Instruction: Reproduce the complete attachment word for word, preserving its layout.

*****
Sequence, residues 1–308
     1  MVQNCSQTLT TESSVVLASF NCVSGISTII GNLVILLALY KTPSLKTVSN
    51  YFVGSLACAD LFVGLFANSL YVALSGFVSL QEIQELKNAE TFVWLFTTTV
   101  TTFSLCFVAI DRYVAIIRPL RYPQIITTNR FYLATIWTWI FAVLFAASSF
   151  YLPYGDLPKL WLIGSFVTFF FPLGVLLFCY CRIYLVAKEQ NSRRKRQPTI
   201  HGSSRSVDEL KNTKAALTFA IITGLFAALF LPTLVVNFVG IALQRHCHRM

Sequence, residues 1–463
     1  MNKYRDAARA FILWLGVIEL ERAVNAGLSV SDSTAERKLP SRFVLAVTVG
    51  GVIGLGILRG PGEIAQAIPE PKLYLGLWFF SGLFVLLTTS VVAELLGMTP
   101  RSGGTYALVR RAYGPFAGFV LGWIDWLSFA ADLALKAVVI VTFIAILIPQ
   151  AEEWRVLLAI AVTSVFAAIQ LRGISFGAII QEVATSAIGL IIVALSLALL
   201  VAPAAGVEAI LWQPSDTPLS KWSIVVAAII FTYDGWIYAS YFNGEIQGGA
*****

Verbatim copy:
Sequence, residues 1–308
     1  MVQNCSQTLT TESSVVLASF NCVSGISTII GNLVILLALY KTPSLKTVSN
    51  YFVGSLACAD LFVGLFANSL YVALSGFVSL QEIQELKNAE TFVWLFTTTV
   101  TTFSLCFVAI DRYVAIIRPL RYPQIITTNR FYLATIWTWI FAVLFAASSF
   151  YLPYGDLPKL WLIGSFVTFF FPLGVLLFCY CRIYLVAKEQ NSRRKRQPTI
   201  HGSSRSVDEL KNTKAALTFA IITGLFAALF LPTLVVNFVG IALQRHCHRM

Sequence, residues 1–463
     1  MNKYRDAARA FILWLGVIEL ERAVNAGLSV SDSTAERKLP SRFVLAVTVG
    51  GVIGLGILRG PGEIAQAIPE PKLYLGLWFF SGLFVLLTTS VVAELLGMTP
   101  RSGGTYALVR RAYGPFAGFV LGWIDWLSFA ADLALKAVVI VTFIAILIPQ
   151  AEEWRVLLAI AVTSVFAAIQ LRGISFGAII QEVATSAIGL IIVALSLALL
   201  VAPAAGVEAI LWQPSDTPLS KWSIVVAAII FTYDGWIYAS YFNGEIQGGA